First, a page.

What may have been some of the reasons behind the exit of the National Grand Lodge from Prince Hall Freemasonry? Many Prince Hall Grand Lodges decided to merge with the Compact Grand Lodges of their respective jurisdictions. The reason why was that the National Grand Lodge was a creature totally foreign of the Ancient Charges and basic Masonic law. Few could comprehend the Masonic justification of having a Grand Lodge over a Grand Lodge. The jurisdictions got real tired of supporting the NGL financially and having to take orders from the leadership. The NGL was set up for reasons of harmony, but to only create enemies amongst Prince Hall Brethren when the leaders started setting up lodges and Grand Lodges where there were Prince Hall Grand Lodges already established.

So what eventually happened with the National Grand Lodge? The Most Worshipful National Grand Lodge still exist today under the same name and it is commonly referred to as PHO (Prince Hall Origin or the National Compact).

So if the National Grand Lodge was empowered as a legal Masonic authority for about 20 years, then the Lodges and Grand Lodges they created could only be considered regular. So therefore, does the modern day National Grand Lodge have 'some' claim on regularity? They clearly can make an argument that they are regular by lineage, but clearly they still are not structured in accordance with laws of Freemasonry and that is the crux of their dilemma from being unable to be accepted into the family of regular Freemasonry.


References: 1) Transactions from the following Prince Hall Grand Lodges.

  • 1866-68 Grand Lodge of Pennsylvania FAAYM
  • 1871 Ohio, Alabama
  • 1872 Alabama
  • 1873 Alabama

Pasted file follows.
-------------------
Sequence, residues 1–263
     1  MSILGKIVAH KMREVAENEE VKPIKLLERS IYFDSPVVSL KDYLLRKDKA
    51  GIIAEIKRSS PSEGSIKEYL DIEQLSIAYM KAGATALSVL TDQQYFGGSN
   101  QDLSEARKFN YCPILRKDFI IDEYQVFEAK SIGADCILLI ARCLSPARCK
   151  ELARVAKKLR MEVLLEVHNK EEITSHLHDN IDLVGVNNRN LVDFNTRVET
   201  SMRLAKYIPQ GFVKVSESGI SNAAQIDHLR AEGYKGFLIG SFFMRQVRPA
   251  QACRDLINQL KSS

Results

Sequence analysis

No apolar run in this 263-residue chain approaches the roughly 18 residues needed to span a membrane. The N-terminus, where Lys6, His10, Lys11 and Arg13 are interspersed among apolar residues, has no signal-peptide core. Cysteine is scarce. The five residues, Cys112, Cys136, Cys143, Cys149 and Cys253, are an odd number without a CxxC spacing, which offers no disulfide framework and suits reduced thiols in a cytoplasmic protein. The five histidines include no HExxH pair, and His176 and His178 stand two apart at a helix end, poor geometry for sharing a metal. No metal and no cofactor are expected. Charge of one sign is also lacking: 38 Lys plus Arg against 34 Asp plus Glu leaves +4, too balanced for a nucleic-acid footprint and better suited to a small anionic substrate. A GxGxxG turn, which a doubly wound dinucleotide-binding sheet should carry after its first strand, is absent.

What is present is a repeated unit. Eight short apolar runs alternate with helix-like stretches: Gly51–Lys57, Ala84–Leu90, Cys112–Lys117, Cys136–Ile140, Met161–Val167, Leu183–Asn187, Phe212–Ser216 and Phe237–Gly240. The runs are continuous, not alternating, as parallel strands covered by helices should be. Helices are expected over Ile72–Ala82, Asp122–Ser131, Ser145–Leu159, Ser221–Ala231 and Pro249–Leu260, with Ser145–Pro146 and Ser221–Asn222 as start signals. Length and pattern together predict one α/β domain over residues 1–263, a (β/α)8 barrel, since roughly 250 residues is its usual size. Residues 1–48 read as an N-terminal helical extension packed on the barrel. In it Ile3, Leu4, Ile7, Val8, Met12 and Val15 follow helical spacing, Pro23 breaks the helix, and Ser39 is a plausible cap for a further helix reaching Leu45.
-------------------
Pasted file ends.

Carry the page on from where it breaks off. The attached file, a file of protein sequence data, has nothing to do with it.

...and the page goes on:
• 1874 Alabama, GL of Alabama FAAYM . PHGL of Mass.
  • 1875 GL of Alabama FAAYM
  • 1874-75 Conn.
  • 1875 Mass, Alabama FAAYM,Ohio
  • 1876 Alabama FAAYM, Conn, Ark
  • 1877 Virginia FAAYM, Ark, Ohio, GLof Penn FAAYM
  • 1878 Sovereign GL of Alabama, Ark,Conn,Ohio
  • 1879 Tenn, Ark
  • 1880 Ark
  • 1879-82 Mich
  • 1881 Texas
  • 1882 Ark
  • 1883 Conn
  • 1885 Ark
  • 1896-97 N.J.

    Transactions of the NGL Triennial session 1862, 1865, 1874 and 1874
    ‘The Masonic Union’, by Joshua Woodlin 1855
    ‘The Status of Colored Masons’, by J.C. Corbin 1896
    ‘The National Grand Lodge’, by A.G. Clark 1921The New York Age,
    “Masonic Notes” by Harry Williamson
    ‘The Negro National or Compact Grand Lodge’, by John Sherman
    AQC 1977 Letter to the Editor of the Philalethes Society April 2002


    Our Mission, Become a Member, Our Officers, Who Was Charles H. Wesley

    Subscribe Now Online, Subscription Form, View Current & Back Issues Content, Read Some Published Articles>

    The Online Research Project, The Discussion Form, Join Our Mailing List, Masonic Lectures, Other Research Links

    Electronic Library, Account Login, View Account Balance

    View Guestbook , Sign Guestbook